|Conventional short name:|
|Others:||Low Saxon, North Frisian, Foetish|
|Capital:||Kiel (administrative capital);|
Schleswig (ducal capital)
|Other:||Flensborg, Altona, Glückstadt|
|Chief of government:|
|Area:||ca. 7,000 sq.m.|
|Population:||ca. 2.7 million|
|Organizations:||Commonwealth of the Scandinavian Realm, Holy Roman Empire, Deutscher Bund, Baltic League|
Schleswig-Holstein , is a member state of the Commonwealth of the Scandinavian Realm, composed of the duchies of Schleswig and Holstein, of which the latter is also a part of the Holy Roman Empire. It is bounded in the west by the North Sea, the north by the kingdom of Denmark (Jutland), the east by the Baltic Sea and Mecklenburg, and the south by the lower course of the Elbe (separating it from Hannover). It thus consists of the southern half of the Cimbric peninsula, and forms the connecting link between the Holy Roman Empire and Scandinavia. In addition to the mainland, which decreases in breadth from south to north, the state includes several islands, the most important being Alsen and Fehmarn in the Baltic, and the North Frisian chain in the North Sea. The total area of the state is about 7000 square miles, which is divided almost equally between Holstein to the south of the Eider and Schleswig to the north of it. From north to south the province is about 140 miles long, while its breadth varies from 90 miles in Holstein to 35 miles at the narrower parts of Schleswig.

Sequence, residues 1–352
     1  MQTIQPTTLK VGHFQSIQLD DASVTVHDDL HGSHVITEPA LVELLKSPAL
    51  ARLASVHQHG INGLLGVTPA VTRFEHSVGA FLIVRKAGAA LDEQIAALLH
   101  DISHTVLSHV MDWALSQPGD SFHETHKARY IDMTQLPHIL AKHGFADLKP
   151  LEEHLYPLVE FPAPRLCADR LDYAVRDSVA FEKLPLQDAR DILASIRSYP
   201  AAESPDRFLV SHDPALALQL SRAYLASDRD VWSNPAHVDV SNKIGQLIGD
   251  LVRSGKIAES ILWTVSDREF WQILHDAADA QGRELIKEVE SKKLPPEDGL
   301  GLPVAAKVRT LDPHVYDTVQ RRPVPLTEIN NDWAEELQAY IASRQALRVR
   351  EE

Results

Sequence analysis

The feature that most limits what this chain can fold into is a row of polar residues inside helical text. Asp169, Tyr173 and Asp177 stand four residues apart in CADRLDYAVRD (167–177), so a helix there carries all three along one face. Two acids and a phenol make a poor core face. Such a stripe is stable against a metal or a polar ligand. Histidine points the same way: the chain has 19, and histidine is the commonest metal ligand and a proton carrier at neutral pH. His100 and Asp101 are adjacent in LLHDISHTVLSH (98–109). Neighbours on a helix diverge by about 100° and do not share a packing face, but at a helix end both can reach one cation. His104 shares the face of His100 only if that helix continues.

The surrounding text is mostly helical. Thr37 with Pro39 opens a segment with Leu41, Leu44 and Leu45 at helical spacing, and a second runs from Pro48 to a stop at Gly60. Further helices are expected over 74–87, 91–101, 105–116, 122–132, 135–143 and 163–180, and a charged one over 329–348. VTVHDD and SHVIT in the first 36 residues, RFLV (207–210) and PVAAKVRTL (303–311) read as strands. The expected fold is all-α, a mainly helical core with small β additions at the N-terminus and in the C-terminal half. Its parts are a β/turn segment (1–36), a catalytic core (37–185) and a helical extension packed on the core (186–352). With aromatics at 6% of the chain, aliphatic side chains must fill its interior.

Schleswig-Holstein has two capitals; the town of Schleswig is the royal/ducal capital, while the city of Kiel is the administrative capital. Gottorp Palace in Schleswig is where the Duchess resides during the summer. While Schleswig-Holstein itself is not a member of the Baltic League, the city of Lübeck is. Altona, owing to its proximity to Hamburg, is also an important city and is where Schleswig-Holstein's national bank is located. Flensburg is the largest city in the Duchy of Schleswig. Glückstadt, at the mouth of the Elbe, is a serious competitor to Hamburg.